Winter has a sharp knack of showing up parts of my garden where action is needed. None more so than the hedge and long loved shrubs. Their bare branches show what and where I need to renovate. And from now into early spring is the time to do it for deciduous (and therefore dormant at this time of year) plants.


This lovely beech hedge at Rosemooor RHS gardens needs no renovation this year! Sarah Buchanan.

The tools: good, thick gloves and sturdy footwear, sharp secateurs, loppers, a hedge trimmer and pruning saw. Possibly a step ladder.

Renovate deciduous hedges

Overgrown deciduous hedges that do well after renovation include beech, hawthorn and hornbeam. Box, holly and Lonicera nitida also do well but they are evergreen so don't cut them until around April.

Strength and energy needed: medium to high, depending on the size and nature of the hedge.

Deciduous hedges can be cut back by up to 50% height and width in one go. If your hedge needs more action do it over a few years. After renovation your hedge may have bare patches, but re-growth will quickly fill these.

Decide how high you want the hedge to be, and cut the top hedge down to at least 15cm (6 inches) less. Keep a steady eye to keep a straight-ish line. You will find it easier if you can put up a tight string at the height you want the hedge to be, and cutting below it. Decide the width you want, and where you want each side to end. Cut into one side of the hedge to reach that edge line: next year, cut the other side to the edge you want there. If you are keen for action do both sides now. Cut sides at an angle to create a ‘batter’ which is the name for a hedge shape with sloping sides (think triangle with the top cut off).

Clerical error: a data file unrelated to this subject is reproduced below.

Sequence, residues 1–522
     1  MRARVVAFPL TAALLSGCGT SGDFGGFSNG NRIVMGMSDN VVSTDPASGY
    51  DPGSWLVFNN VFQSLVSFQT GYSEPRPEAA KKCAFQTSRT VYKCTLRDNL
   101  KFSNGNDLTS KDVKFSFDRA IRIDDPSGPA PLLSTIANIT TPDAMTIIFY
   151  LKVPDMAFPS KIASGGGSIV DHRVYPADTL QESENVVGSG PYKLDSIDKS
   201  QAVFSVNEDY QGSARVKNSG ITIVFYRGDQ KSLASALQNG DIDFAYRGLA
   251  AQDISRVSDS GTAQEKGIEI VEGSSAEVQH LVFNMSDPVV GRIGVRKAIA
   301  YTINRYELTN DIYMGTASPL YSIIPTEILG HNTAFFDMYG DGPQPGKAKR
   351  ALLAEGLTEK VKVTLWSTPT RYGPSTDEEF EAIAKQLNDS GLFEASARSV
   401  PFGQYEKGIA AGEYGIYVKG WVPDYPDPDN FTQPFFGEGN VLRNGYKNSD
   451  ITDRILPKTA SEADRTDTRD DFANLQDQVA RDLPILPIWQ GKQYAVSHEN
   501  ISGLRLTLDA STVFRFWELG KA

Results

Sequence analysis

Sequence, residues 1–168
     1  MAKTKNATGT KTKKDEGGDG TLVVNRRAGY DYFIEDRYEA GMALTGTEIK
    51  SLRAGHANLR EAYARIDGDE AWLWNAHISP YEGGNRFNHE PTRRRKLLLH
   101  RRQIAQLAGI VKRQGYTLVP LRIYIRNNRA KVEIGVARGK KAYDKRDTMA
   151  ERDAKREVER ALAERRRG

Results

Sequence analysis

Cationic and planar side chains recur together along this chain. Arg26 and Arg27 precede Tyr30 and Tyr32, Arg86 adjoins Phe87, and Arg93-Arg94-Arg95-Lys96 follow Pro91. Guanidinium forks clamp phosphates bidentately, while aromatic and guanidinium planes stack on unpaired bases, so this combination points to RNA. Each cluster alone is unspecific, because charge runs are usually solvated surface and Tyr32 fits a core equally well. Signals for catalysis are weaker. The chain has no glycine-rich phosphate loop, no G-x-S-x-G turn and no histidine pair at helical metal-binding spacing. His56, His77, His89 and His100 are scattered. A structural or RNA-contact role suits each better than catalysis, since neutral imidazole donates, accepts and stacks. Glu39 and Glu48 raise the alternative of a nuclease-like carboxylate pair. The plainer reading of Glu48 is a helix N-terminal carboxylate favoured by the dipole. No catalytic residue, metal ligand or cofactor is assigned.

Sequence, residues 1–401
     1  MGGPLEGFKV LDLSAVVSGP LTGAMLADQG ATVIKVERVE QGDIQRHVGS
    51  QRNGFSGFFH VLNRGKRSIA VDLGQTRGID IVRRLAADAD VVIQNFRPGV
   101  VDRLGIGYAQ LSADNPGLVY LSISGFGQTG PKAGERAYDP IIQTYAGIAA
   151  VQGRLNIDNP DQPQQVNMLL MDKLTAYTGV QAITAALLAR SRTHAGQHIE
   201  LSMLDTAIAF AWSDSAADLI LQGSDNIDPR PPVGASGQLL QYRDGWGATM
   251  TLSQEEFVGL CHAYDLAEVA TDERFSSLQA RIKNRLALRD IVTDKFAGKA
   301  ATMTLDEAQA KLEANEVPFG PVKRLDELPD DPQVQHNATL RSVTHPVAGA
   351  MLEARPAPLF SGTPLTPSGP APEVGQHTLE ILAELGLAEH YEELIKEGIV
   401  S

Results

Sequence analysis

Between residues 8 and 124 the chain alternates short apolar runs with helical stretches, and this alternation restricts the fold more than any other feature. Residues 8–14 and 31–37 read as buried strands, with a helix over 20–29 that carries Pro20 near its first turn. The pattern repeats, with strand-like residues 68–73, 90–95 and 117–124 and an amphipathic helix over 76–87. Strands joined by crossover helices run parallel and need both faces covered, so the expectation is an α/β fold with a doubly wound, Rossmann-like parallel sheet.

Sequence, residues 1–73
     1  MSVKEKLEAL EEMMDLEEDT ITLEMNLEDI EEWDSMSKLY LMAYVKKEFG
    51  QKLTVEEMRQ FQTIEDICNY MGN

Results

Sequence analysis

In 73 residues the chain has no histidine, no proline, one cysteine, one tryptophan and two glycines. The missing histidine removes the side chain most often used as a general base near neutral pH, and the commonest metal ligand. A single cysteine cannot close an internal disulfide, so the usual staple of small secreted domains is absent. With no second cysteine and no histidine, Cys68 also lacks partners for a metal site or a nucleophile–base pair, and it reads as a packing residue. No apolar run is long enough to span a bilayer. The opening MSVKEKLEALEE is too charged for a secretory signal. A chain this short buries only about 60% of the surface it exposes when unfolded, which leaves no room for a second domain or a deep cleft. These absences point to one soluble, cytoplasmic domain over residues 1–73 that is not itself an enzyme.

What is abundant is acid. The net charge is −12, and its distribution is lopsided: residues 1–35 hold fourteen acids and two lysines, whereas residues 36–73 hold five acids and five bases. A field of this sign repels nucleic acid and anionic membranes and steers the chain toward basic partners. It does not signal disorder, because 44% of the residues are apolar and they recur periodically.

Some old hedges respond very well to 'hedge laying' techniques. It is not difficult to do but you need more information than this blog can offer.

Renovate shrubs - in hedges and those that stand alone

Shrubs with lots of thick stems and more growth at the top than the bottom are candidates for this satisfying task.

Why? Young growth has more and better leaves and, if it is a flowering shrub, flowers. And the shrub looks good.

Strength and energy needed: low to medium.

This garden task needs action every year. This year, cut down, as near to the ground as you can, no more than one third of the thickest (and oldest) stems.

Next year do the same and keep going until you are happy with the shape and growth of the shrub.


Here's one that had a hard cut! That can work well, especially where drastic action is needed. But this approach can spur a shrub to grow lots of thin shoots, which isn't what you want.  Sarah Buchanan.

Prune out of control ivy

Ivy is good for insects and birds and can be a stunning addition to any garden. You know all that? If not - read our blog here! And when it is out of control it can pull down fences, smother shrubs and hedges and be a nuisance plant.

Strength and energy needed: low.

Simply keep your ivy where you want it by methodically cutting back stems that are growing where you don’t want them. If you need to pull long stems out of undergrowth and overgrowth be careful not to break the branches of trees and shrubs. If you can't extract the ivy cut it off near the plant and the stem will die and be easier to remove.

Prune vines

Early January is the last time to tackle this task because vines ‘bleed’ when cut later in the year.

Strength and energy needed: low.

Cut down all the long ‘leading’ stems that are shooting away in to the distance. Then cut down any other stems that are growing where you don’t want them.

What next?

  • Use the straight prunings to stake your plants (read how to do that in our earlier blog).
  • Build a bonfire! (if you live in an area where this is OK).
  • In spring, mulch and water well in dry spells the plants you have renovate.